Closing the gender gap could add 2.1 trillion to US economy

21 April 2016 4 min. read

Gender inequality is a global issue, and, in economic terms, results in an estimated loss of up to $12.1 trillion in economic activity by 2025. Enacting best-in-class ways to reduce inequality in employment and kinds of employment women partake in could, in the US, boost the economy by up $2.1 trillion by 2025. To achieve the potential, an additional 6.4 million jobs, of higher productivity, need to be created – with an estimated investment cost of $475 billion.

In a new report from McKinsey & Company*, the consulting firm explores the effect that gender disparity, within the US, has on long term economic development. The report is underpinned by a supply-model to estimate the economic impact of closing the US labour market gender gap based on reaching a best-in-class operation, in which each state matches the state with the fastest rate of improvement toward gender parity in work over the past decade, by 2025.

The labour force participation of women in the US is relatively high. Women account for around 46% of the total labour force, a similar proportion to that of the UK and Germany. Women, however, contribute only 40% of the country’s GDP, roughly in line with the global average of 37% and lower than their share of the population.

The less than proportionate contribution, however, generates a potential to boost to the US economy. The report finds that if the full-potential of women is reached across major labour indicators – including hours, participation and representation within all sectors –  then around 4.3 trillion would be added to annual GDP in 2025, resulting in a figure 19% higher than the business-as-usual case. The authors highlight however that full parity is unlikely to be achieved, and may also be normatively – and personally – undesirable, instead a more achievable best-in-class scenario is devised, in which every US state matches the rate of progress toward gender parity of the fastest-improving state on the same three aspects as the full-potential scenario.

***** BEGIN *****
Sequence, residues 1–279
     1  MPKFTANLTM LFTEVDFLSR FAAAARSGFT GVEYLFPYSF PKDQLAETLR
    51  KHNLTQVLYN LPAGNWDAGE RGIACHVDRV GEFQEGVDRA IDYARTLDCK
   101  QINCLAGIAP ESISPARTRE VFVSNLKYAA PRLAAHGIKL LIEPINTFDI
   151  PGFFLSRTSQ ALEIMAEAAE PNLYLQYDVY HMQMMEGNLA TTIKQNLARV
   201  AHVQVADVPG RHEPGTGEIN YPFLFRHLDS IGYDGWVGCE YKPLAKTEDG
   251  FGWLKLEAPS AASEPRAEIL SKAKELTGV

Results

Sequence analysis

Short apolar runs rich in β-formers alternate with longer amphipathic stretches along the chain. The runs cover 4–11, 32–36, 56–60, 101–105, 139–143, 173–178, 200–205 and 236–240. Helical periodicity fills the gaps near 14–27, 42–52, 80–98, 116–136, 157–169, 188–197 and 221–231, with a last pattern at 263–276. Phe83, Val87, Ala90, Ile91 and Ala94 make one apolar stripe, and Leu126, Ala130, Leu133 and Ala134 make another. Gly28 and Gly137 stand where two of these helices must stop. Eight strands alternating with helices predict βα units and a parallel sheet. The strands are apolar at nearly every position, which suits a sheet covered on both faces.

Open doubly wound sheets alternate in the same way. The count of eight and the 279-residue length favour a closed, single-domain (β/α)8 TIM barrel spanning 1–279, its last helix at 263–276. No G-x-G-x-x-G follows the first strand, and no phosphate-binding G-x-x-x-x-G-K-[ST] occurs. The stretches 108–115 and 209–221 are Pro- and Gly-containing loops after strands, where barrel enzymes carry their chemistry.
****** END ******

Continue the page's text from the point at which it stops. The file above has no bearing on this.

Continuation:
The best-in-class scenario would, according to the models used, generate an additional $2.1 trillion to US GDP incrementally over the years to 2025. Total US GDP would increase from $17.2 trillion in the 2014 base year to $24.2 trillion in 2025 – with women generating $10.5 trillion and men $13.6 trillion.

Quality job growth
The consultants also consider the number of jobs that would be added by attaining a best-in-class scenario across the board. The scenario would see the projected decline in participation arrested, and a growth rate of 1% over the 0.6% business-as-usual, would create an additional 6.4 million jobs over the ten million that the US Bureau of Statistics currently projects will be created by 2025. In addition, as part of the best-in-class model, women would increasingly take part in work with higher productivity, which requires that approximately 60% of these additional jobs stem from professional and business services, information technology, and manufacturing.

According to the model, the largest area of growth for female employment is within business services, adding an addition 2.9 million positions – at an increased rate of 8.8%. Manufacturing would need to see an additional 0.9 million positions for women, while finance activities would add an additional 0.7 million.

According to McKinsey & Company, the realisation of the additional jobs, related to the best-in-class scenario, would require considerable additional investment. “That investment would be needed to create jobs and boost productivity, to increase the supply of skills, and to facilitate better matching of skills to available jobs. In the best-in-class scenario, we estimate that $475 billion of incremental capital-stock investment will be required in 2025 at an aggregate macroeconomic level, which is about 9% higher than the capital stock required in the business-as-usual scenario”, write the authors.

State growth
The report further explores the effect of attaining a best-in-class scenario for the different states across the US. 55% of the additional GDP potentially available could come from the ten largest US states by GDP and population: California, Texas, New York, Florida, North Carolina, Massachusetts, Pennsylvania, Virginia, Georgia, and New Jersey. In many states an additional 5% - 10% in GDP increase could be realised by increasing participation and productivity rates of women. A number of states could see an additional 10% - 15% increase in GDP relative to the business-as-usual case, including Massachusetts, Arizona and Alaska. Two states could see a more than 15% increase, New Mexico and Hawaii.

* The report is titled ‘The Power of Parity: Advancing Women's Equality in the United States’.